Elio Schaechter of Small Things Considered ponders a recent discovery that small multicellular animals, members of the Loricifera and metazoa groups, are able to survive in an anoxic environment known as L’Atalante Basin, a brine “lake” at the bottom of the Mediterranean.
"Life without air—a term coined by Louis Pasteur, the discoverer of anaerobiosis—has been thought to be exclusively a property of microbes, be they prokaryotic or eukaryotic. Multicellular organisms were thought to lack this talent. Until recently that is, when an Italian and Danish group led by Roberto Danovaro looked at an unusual-sounding habitat, a brine “lake” at the bottom of the Mediterranean, nearly 200 km from Crete. Called L’Atalante Basin, this area was formed when salt dissolved from the sea’s subsurface and accumulated in underwater depressions. Eight times more saline than seawater, this layer does not mix with the water column above it and, like the underlying sediment, is completely anoxic. This particular site is not unique; so-called oxygen minimum zones are found in all the oceans at fairly shallow depths as such things go, usually from 200 m to 1,500 m. Characteristically, they have very low available oxygen and lots of sulfide.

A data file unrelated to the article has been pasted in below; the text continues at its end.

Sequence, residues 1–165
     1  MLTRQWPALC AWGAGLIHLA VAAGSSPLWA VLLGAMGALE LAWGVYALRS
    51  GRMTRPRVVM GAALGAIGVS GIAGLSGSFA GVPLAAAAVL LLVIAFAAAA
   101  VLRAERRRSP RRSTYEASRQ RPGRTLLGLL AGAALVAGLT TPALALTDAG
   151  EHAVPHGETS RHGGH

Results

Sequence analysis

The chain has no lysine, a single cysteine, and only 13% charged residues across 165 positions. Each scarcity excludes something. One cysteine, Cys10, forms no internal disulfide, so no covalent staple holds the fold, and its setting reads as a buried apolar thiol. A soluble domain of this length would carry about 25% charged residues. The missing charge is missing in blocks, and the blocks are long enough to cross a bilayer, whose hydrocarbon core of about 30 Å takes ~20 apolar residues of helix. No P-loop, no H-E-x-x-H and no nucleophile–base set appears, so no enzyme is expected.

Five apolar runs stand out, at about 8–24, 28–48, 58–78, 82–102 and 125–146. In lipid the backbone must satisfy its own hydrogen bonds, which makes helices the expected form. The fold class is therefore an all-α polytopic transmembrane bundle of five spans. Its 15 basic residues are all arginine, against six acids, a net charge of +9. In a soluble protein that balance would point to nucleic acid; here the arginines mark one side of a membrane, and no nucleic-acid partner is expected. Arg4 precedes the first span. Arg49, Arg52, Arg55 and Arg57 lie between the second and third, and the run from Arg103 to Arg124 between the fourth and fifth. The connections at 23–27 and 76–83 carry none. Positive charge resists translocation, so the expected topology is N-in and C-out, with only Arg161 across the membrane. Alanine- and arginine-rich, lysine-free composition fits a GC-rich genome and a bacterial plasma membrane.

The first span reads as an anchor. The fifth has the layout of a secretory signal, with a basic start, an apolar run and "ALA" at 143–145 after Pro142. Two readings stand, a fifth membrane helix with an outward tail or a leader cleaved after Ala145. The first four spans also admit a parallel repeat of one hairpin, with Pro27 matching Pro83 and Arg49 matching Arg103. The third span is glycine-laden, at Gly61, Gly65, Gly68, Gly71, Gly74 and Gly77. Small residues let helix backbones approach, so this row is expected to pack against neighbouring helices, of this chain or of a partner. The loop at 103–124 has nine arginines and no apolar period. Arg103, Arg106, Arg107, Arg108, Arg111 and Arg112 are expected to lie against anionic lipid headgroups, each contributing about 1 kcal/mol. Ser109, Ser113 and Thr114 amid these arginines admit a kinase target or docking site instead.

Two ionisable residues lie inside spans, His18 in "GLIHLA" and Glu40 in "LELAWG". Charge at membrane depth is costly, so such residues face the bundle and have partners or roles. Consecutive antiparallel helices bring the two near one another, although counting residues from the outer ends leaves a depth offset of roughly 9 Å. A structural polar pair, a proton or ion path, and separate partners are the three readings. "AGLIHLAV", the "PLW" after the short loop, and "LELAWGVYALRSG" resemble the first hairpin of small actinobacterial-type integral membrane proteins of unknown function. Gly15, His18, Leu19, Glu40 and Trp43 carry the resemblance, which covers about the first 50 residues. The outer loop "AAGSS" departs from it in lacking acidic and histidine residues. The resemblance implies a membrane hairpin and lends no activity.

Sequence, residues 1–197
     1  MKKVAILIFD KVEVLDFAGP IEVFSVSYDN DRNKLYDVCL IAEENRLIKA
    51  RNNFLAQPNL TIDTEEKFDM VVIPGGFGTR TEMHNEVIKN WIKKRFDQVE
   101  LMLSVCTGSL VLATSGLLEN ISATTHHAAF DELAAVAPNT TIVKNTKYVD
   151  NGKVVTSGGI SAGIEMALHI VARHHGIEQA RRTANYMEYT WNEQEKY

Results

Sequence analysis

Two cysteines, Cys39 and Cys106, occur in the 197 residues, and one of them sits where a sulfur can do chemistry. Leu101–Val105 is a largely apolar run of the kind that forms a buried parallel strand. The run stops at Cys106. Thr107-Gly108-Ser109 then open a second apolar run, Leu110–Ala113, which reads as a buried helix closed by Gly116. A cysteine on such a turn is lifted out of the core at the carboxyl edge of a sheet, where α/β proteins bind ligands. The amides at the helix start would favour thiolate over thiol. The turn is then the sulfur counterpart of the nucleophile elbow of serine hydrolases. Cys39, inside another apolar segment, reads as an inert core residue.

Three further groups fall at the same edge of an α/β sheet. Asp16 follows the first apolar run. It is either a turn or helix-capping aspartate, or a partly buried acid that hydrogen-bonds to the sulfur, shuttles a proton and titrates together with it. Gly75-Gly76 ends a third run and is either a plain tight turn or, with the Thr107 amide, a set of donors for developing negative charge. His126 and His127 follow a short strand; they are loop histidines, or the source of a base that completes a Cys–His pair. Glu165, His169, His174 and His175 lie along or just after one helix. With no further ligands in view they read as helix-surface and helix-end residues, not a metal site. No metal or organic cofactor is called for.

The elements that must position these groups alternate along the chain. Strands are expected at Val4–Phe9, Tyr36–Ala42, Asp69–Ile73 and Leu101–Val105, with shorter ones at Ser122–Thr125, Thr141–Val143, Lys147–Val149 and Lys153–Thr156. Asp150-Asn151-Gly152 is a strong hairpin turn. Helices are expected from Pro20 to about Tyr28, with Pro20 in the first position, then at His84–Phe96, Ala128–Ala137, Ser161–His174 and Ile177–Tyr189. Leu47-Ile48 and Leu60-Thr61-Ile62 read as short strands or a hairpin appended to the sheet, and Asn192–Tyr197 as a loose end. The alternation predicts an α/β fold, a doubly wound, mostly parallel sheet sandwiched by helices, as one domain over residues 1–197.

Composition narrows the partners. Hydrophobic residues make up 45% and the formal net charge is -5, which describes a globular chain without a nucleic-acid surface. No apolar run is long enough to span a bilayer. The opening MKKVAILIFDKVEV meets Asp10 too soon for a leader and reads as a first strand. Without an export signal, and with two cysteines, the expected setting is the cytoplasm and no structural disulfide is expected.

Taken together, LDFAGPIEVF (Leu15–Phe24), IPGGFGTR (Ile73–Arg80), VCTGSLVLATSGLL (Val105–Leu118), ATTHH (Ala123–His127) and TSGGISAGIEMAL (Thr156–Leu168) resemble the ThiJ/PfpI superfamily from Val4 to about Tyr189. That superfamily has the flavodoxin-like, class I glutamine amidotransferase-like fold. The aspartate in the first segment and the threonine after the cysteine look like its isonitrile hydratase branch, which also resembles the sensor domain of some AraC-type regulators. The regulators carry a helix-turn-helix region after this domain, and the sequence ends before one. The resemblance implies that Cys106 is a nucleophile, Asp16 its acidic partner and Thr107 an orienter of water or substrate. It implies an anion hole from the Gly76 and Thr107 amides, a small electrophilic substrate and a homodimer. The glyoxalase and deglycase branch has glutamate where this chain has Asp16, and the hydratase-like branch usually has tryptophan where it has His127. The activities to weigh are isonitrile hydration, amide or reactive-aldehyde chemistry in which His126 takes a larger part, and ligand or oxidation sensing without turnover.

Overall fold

Extremophilic archaea and bacteria are common in such inhospitable-sounding environments, and so are a few eukaryotic microbes, notably protozoa. The news is that one can also find small multicellular living animals at this site."
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